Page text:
Wednesday, January 27, 2010

Stay alert to stay unhurt around cattle

By David Burton
University of Missouri Extension

In recent years, a number of local cattle handlers have been attacked by a cow or bull according to Eldon Cole, a livestock specialist with University of Missouri Extension.

Although the majority of the attacks did not result in fatalities, there have been many bruises, broken bones and crushed egos.

“Most of the victims have been experienced cattle producers, veterinarians, agriculture educators and even extension specialists,” said Cole. “I imagine they’re wiser and more cautious as a result of the attack.”

Statistics support the fact that farming is one of the most dangerous occupations.


According to Amanda Marney, agriculture preparedness specialist, University of Missouri Extension, national data shows livestock, machinery and falls as the dominant sources of occupational injury on farms.

“In fact, some studies show that up to one-third of injuries on the farm are associated with livestock,” said Marney. “While many cattle are placid, they weigh over six times the weight of a man and can crush bones with a single kick, step or charge.”

It is important that all livestock owners recognize the different behavior factors when working around livestock.

“While there were no fatalities that have been recently reported to extension centers here in southwest Missouri, this is not the case for our state and region,” said Marney.

In fact, the Centers for Disease Control and Prevention (CDC) released a study that documented farm worker fatalities in Missouri, Iowa, Kansas and Nebraska. There were 21 cattle-related deaths in these four states from 2003 to 2008. Of these deaths, 13 involved attacks by individual bulls, six involved attacks by individual cows and five involved multiple cattle.


According to Cole, the attacks reported to him have resulted from animals that had never acted aggressive toward their owners before.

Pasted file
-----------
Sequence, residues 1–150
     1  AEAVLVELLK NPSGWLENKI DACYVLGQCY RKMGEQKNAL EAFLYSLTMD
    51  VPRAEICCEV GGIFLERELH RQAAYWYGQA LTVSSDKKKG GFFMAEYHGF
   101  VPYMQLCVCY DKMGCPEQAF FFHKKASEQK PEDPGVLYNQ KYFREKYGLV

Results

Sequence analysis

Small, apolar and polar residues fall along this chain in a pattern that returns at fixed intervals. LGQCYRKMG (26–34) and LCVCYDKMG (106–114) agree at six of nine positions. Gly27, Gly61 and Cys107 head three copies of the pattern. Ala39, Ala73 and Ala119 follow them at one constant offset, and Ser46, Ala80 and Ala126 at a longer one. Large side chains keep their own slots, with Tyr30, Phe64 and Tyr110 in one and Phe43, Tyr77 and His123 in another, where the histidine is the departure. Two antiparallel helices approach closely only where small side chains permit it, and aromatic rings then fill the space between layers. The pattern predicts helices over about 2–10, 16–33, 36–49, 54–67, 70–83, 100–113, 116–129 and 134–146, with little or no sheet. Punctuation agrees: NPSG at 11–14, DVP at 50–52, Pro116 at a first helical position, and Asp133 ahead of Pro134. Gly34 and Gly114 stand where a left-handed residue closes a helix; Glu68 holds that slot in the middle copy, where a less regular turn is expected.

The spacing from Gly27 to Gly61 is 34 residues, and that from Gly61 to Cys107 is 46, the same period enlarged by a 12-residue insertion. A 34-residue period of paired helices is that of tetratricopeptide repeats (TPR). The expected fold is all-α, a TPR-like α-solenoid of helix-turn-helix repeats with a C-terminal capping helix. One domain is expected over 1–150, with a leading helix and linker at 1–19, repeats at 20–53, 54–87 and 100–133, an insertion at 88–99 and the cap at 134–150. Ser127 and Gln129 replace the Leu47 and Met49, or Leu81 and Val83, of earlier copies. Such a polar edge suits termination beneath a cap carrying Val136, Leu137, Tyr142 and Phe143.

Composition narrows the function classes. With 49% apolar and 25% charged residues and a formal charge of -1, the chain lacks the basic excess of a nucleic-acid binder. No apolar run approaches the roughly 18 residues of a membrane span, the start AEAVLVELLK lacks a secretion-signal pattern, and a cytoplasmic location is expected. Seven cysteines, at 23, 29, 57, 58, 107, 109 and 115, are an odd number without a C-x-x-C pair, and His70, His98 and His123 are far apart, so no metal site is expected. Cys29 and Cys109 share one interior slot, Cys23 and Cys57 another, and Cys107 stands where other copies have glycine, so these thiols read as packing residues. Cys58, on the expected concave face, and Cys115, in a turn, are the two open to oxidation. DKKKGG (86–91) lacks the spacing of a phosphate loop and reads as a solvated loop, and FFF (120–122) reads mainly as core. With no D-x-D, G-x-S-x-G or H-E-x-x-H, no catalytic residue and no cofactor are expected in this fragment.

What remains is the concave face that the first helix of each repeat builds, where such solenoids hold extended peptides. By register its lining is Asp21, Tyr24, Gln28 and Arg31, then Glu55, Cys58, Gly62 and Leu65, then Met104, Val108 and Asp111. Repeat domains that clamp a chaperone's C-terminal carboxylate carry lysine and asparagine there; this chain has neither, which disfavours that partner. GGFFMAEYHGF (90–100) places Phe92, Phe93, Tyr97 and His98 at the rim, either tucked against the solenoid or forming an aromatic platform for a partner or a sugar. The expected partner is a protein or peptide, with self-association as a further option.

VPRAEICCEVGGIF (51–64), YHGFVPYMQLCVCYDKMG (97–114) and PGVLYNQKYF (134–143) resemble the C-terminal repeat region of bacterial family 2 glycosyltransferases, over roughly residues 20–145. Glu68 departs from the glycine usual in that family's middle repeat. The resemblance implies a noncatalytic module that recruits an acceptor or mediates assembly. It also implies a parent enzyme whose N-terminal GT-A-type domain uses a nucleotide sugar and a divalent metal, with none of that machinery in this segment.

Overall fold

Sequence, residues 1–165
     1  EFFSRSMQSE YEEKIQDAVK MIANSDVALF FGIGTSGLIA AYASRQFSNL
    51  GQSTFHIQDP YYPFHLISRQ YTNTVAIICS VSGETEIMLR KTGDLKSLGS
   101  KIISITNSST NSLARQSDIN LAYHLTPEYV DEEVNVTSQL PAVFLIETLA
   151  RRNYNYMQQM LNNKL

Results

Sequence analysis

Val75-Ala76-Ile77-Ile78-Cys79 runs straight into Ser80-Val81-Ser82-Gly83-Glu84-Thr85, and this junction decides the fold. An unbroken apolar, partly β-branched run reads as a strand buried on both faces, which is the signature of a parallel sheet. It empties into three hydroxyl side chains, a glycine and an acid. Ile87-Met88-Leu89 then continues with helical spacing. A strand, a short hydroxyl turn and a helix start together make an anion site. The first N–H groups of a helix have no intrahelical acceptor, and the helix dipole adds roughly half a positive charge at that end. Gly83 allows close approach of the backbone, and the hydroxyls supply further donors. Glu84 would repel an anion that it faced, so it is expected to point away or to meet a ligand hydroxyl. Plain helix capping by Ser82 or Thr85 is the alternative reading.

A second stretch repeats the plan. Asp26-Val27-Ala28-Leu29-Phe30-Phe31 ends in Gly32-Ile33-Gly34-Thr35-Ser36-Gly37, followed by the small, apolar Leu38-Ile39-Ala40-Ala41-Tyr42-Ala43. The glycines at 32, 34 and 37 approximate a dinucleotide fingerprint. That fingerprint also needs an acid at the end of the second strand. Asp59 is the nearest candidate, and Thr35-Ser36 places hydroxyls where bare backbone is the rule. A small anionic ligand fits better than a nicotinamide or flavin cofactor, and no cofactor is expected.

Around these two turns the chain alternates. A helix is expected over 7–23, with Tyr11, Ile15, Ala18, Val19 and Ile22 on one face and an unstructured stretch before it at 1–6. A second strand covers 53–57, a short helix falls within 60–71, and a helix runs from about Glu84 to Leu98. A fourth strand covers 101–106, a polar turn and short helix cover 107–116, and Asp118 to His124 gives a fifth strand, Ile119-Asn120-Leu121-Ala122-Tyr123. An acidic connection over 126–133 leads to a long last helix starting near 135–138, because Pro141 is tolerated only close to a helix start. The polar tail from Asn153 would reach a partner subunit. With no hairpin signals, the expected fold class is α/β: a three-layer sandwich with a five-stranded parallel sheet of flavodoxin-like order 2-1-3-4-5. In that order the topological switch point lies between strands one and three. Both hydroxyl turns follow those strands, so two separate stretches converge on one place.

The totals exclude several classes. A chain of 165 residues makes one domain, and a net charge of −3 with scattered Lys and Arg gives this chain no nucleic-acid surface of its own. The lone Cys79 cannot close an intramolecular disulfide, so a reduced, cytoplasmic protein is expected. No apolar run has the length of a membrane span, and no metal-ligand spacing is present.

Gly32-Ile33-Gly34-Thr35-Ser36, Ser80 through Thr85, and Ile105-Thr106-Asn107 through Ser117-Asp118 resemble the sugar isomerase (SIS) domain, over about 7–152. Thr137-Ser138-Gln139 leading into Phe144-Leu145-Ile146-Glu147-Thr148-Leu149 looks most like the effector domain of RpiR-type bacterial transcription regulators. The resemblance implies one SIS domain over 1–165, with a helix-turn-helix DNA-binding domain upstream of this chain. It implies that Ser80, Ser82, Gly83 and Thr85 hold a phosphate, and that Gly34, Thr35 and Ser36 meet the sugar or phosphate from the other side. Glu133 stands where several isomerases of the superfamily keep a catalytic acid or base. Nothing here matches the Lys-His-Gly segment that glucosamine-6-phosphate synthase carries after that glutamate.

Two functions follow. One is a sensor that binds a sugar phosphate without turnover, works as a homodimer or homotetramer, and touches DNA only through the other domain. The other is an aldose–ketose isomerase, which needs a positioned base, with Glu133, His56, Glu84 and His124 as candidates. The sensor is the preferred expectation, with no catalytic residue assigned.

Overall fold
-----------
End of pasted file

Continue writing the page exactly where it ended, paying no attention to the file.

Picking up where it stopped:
“Some may even have been show animals that were broke to load or otherwise were very docile,” said Cole.

Victims usually can recall that on the day of the attack some unusual circumstances could have caused the animal to blow up, according to Cole.

“Cows are more prone to do this if you’re doing something to their newborn calf and you get between the cow and her baby. Dogs may irritate her and she could take out her frustrations on the nearest intruder which could be the owner,” said Cole.

Bulls tend to become aggressive around cows that are in heat or when other bulls invade their spaces.

“Don’t assume that an animal that’s halter broken or that you’ve petted out in the pasture won’t have a bad day and their hormones take over. When this occurs, bulls or cows can surprise you at how fast they move,” said Cole. “Your big beef or dairy bull may not be as fast but they will be quicker than you expect.”


Cole says there are several tips that can be followed to help avoid injuries from cows or bulls.

“For starters, always be careful around livestock and have an escape route planned such as going under or over a fence or through a man pass,” said Cole.

It is also a good idea to carry some device that offers some protection in case of attack. Even though dogs can provoke an animal they can also sometimes help the owner escape.

Nose rings in bulls can help control cattle in some situations.

“Remember, you’re not getting any younger, and may not move as quickly as you once did,” said Cole. “It is also a good idea to have another person with you when working with newborns or moving bulls.”

Cole also says it is important to cull animals that act aggressive. “Temperament or docility is a heritable trait and if you fear some animals in your herd are inheritantly mean, pay more attention to that trait when you select replacements. A few breed associations even have docility EPDs,” said Cole.

Another recommendation is to not be in a hurry and end up being careless. “Easy-does-it” is a good policy around livestock.

“You also need to keep fences and gates in good repair and sturdy enough to protect you and your help,” said Cole.


For more information, contact any of the MU Extension livestock specialists in southwest Missouri: Eldon Cole in Mt. Vernon, (417) 466-3102; Gary Naylor in Dallas County, (417) 345-7551; and Dona Goede in Cedar County, (417) 276-3313.

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